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Thread: Leeks vs. onions in soup

  1. #1
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    Default Leeks vs. onions in soup

    I am wondering if there is a difference in using 1 over the other, cut up in soup? Is one more mild than the other? I know leeks are pretty pricey now, but I have some on hand to use and wondered if they would be better for soup.

  2. #2
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    IMO leeks are very mild.
    Onions can be mild as well but IMO they tend are stronger in taste, depending on the variety.
    Use 'em, what do you have to lose? Why not use both?

  3. #3
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    I think leeks are milder also. But they are so very sandy and a pain to clean, so I don't use them very much. But I do have a great recipe for potato leek soup. It's a recipe from California Pizza Kitchen. Tastes so good.

  4. #4
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    Yummmm... Do share!!!!

    I have never used Leeks before. I once had a recipe that called for them but after pricing them? I went with scallions...
    Lauren ~The ultimate tragedy is not the oppression and cruelty by the bad people but the silence over that by the good people. ~
    Martin Luther King, Jr.

  5. #5
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    Leeks I think have a much different flavour than onions,,,more earthy tasting

  6. #6
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    Everything you ever wanted to know about leeks.

    Leeks
    Leeks (Allium porrum or A. ampeloprasum var. porrum), sometimes called "the gourmet's onion" are related to onions (A. cepa) and garlic (A. sativum), but have flat leaves instead of tubular and relatively little bulb development. They're easy to grow and delicious, with a taste all their own, very much like a mild onion. The thick leaf bases and slightly developed bulb look like a giant green onion, and are eaten as a cooked vegetable. Leeks are not as popular in the United States as they are in Europe, where they are known as "poor man's asparagus."

    The leek was developed from a wild type, which is native to Western Asia and the Mediterranean countries. Wild leeks were used as food during the early Bronze Age, around 4000 B.C., and were probably domesticated around 2000 B.C. They were part of the diet of those who built the Egyptian pyramids, and Hippocrates, the father of medicine, prescribed the leek as a cure for nosebleeds. Leeks have been cultivated in Western Europe since the Middle Ages, and are particularly associated with Wales – dating back to 640 AD when Welsh soldiers wore pieces of leek in their helmets to distinguish themselves from their Saxon foes in battle. The Welsh traditionally wear a leek on St. David's Day (March 1) to commemorate King Cadawallader's victory over the Saxons that year. Leeks were brought to North America with early settlers from Europe. Today leeks are grown as an excellent substitute for onions and for its own unique mild onion flavor in soups and other dishes.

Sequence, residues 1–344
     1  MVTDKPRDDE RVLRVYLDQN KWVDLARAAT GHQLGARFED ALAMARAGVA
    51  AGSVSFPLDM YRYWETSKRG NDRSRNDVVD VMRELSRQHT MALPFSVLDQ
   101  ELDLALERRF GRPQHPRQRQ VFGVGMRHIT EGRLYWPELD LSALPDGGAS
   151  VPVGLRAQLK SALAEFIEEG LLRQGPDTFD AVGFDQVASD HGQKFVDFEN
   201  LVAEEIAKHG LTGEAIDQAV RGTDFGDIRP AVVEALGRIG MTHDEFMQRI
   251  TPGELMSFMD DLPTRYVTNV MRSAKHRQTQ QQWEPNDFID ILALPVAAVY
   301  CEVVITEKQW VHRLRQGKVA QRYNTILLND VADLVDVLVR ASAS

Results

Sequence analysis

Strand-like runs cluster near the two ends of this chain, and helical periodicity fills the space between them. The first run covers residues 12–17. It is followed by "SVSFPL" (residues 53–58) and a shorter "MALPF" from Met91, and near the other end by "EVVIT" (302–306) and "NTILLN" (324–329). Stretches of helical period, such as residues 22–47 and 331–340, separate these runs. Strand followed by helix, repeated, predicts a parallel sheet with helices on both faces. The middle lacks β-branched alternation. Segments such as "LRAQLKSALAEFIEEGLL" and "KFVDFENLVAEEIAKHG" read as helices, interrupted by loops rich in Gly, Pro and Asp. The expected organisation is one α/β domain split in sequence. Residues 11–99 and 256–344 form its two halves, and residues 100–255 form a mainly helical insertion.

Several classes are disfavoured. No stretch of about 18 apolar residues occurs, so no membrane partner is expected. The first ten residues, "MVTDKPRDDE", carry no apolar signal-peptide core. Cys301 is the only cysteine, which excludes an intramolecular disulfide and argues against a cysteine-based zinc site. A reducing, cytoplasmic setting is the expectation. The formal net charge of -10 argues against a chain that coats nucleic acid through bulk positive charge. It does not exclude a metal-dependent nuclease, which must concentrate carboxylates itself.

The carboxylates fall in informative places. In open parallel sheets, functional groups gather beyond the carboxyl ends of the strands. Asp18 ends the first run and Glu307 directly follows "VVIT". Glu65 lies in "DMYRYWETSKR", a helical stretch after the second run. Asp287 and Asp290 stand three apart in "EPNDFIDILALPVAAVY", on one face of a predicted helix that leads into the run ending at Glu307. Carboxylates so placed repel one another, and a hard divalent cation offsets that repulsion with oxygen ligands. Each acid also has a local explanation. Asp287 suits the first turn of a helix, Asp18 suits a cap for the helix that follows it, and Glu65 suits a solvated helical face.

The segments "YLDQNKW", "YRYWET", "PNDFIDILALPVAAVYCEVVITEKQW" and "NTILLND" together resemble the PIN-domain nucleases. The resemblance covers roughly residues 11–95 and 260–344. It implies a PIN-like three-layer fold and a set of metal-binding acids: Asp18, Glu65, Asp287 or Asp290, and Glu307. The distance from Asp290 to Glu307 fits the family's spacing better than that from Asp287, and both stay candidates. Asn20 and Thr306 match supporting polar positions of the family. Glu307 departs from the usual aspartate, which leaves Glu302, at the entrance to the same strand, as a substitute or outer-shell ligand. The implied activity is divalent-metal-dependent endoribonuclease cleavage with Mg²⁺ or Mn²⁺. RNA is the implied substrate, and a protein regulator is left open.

This plant is a true perennial, even though it is generally referred to as a biennial. It multiplies by means of small lateral growths and often develops a roundish bulb at the base of the main growth. Leeks develop a broad, succulent stem rather than a large bulb like an onion. The plant has a fanlike sheaf of flat, blue-green or yellow-green leaves that may grow a foot or two in length, on a stalk up to 12 inches long. Types vary in the length and thickness of the leaf shanks (pseudo-stem).

    Some plants that are very similar to leeks include elephant (or great-headed) garlic (A. ampeloprasum var. ampeloprasum), kurrat or Egyptian leek (A. kurrat) and wild leek (A. tricoccum). Elephant garlic produces very large bulbs that may weigh a pound or more, and is used as is garlic. The kurrat is grown around the Mediterranean and in the Middle East for its leaves, which can be harvested several times a year. Wild leeks, also called ramps, are native to North America and have a strong garlic-onion flavor.

    I will post the CPK soup recipe in T & T as soon as I have some more time.

  7. #7
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    The leek (Allium ampeloprasum var. porrum (L.)) is a vegetable belonging, along with the onion and garlic, to the Alliaceae family. Also in this species are two very different vegetables: the elephant garlic (Allium ampeloprasum var. ampeloprasum), grown for its bulbs, and kurrat, which is grown in Egypt and elsewhere in the Middle East for its leaves. The leek is also sometimes classified as Allium porrum (L.).

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